Switzerland has a comprehensive social security system. All people living or working in Switzerland, as well as their dependants, receive broad protection against risks that are too great for the individual to bear.
The Swiss social security system has various types of insurance:
- old-age and survivors' insurance (AHV)
- invalidity (disability) benefit (IV)
- illness and accident insurance
- unemployment benefit
- family and maternity allowances
These provide protection in the form of benefits, allowances or compensation for loss of earnings, as well as covering medical costs.
Most social security funds are financed by personal and employer contributions based on earnings. However, for compulsory health insurance, individuals must take out personal policies with private health insurers.
Meeting minimum living costs
People on a low income may request help with health insurance costs. Those with a low income receiving AHV or IV may also claim supplementary benefits. These means-tested benefits and health insurance subsidies are financed by federal and cantonal governments.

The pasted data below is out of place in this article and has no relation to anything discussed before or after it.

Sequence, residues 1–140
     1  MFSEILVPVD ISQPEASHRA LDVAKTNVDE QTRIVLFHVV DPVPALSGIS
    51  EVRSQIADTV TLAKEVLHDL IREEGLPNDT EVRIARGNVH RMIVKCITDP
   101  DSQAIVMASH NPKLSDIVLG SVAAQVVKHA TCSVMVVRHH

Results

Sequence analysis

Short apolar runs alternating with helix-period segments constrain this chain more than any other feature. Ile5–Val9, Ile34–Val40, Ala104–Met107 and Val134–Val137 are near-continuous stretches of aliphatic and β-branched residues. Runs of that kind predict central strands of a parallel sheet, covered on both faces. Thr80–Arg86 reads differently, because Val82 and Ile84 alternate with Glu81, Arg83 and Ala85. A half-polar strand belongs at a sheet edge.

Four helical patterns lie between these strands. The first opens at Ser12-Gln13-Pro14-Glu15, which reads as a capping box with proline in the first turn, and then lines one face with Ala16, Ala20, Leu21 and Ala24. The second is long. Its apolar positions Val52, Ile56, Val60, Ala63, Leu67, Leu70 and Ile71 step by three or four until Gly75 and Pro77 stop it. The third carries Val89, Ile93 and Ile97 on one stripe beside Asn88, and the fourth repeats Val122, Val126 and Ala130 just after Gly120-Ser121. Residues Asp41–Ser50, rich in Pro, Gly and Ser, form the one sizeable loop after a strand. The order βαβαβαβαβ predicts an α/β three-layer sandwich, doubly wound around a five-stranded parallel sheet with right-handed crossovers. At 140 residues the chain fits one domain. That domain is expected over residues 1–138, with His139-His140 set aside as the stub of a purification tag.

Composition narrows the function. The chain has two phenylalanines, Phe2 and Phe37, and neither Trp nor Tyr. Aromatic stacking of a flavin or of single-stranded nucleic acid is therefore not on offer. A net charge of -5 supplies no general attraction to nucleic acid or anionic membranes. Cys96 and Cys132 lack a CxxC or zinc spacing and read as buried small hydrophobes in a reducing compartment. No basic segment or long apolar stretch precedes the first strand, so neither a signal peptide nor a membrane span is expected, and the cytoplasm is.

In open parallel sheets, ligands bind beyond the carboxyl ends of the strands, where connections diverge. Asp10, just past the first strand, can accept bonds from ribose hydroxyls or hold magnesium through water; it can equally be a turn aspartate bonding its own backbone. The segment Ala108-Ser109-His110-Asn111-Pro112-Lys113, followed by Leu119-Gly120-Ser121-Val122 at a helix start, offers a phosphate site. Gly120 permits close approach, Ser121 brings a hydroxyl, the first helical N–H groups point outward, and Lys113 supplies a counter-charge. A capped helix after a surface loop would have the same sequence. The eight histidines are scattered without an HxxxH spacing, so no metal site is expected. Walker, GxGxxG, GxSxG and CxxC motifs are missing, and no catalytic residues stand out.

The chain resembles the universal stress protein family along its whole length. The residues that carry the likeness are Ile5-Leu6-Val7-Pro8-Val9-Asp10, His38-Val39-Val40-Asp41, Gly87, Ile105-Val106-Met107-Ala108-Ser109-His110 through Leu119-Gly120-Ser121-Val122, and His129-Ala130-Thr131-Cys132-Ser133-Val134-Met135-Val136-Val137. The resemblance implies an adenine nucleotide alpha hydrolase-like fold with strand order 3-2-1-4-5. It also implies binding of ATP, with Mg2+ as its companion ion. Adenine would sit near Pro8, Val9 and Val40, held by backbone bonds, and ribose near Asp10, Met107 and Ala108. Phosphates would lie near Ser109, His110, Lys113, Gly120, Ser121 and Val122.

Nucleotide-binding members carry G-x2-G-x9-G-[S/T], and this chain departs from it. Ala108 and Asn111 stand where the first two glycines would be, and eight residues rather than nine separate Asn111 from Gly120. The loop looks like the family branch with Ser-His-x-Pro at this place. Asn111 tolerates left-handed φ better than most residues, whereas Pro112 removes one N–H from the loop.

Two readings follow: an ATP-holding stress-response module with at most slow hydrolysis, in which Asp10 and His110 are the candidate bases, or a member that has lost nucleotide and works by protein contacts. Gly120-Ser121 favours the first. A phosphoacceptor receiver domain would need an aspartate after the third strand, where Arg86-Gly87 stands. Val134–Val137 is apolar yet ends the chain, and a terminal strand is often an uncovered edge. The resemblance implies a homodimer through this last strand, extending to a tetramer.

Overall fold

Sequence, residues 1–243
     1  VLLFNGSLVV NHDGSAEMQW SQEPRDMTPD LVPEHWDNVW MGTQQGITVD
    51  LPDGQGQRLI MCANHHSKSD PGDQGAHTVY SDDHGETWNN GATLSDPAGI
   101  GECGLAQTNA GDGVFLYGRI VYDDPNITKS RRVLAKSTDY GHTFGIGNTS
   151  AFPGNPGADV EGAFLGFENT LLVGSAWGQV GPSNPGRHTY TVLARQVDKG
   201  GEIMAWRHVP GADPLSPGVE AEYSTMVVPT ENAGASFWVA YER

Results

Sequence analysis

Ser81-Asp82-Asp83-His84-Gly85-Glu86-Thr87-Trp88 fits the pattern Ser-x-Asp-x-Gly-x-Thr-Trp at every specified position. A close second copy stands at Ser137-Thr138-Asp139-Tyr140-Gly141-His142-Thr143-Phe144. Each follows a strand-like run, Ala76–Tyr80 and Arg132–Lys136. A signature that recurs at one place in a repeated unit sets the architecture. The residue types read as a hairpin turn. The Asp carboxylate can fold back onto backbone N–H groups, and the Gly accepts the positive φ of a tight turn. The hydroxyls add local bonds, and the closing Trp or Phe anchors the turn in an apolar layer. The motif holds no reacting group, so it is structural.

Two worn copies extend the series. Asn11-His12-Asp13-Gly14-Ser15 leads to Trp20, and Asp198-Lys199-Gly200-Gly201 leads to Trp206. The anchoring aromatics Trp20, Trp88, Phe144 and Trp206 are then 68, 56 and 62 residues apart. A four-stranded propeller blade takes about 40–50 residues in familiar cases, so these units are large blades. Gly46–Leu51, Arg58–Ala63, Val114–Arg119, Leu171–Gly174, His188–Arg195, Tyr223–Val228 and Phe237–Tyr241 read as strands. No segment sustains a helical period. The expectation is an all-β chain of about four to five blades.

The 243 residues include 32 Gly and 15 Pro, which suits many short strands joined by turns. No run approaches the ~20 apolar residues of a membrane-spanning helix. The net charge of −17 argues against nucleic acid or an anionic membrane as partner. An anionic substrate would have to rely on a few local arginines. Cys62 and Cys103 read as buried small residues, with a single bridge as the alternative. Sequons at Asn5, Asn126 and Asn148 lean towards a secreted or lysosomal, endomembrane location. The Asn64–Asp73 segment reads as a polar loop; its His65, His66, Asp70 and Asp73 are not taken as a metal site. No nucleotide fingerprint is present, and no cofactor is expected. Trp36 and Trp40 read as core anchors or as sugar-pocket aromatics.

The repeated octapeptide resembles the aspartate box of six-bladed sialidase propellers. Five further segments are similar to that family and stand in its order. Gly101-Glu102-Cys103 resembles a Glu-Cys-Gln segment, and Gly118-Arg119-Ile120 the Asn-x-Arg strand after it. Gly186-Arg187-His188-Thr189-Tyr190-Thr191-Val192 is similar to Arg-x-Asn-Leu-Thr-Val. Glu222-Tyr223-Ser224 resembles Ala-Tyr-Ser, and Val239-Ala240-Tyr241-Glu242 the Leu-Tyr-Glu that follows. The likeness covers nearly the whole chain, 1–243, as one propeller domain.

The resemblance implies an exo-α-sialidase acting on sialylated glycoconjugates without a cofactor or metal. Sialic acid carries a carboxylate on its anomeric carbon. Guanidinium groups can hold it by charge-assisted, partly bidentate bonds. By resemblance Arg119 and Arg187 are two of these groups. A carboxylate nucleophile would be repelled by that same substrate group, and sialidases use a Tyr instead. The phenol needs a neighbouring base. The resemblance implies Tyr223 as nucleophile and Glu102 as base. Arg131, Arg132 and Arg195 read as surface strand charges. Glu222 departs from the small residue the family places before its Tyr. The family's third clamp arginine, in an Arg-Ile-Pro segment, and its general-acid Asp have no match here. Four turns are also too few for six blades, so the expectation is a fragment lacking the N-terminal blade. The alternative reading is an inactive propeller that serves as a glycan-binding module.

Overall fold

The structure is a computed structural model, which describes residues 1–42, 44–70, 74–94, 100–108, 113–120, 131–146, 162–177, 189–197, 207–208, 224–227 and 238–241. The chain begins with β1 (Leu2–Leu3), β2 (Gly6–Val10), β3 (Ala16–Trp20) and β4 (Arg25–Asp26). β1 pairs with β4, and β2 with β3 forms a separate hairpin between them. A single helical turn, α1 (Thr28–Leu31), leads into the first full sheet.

International social security agreements
Reciprocal arrangements allow workers to combine social insurance contributions paid in Switzerland and abroad.
The Free Movement of People Agreement between Switzerland and the EU coordinates the social security systems between different member states. Bulgaria and Romania are so far not included.
The agreement essentially gives citizens equal access to member states’ labour markets. It also provides for mutual recognition of professional qualifications and reciprocal social security arrangements.
Social security agreements with non-EU countries : Switzerland has made reciprocal arrangements with various countries. See individual agreements for details in the link beyond.
Countries with no social security agreement with Switzerland: Information is available on what happens to your contributions when you leave Switzerland.
The Swiss Constitution guarantees basic subsistence to anyone in serious distress living in Switzerland. This includes failed asyslum seekers or undocumented migrants.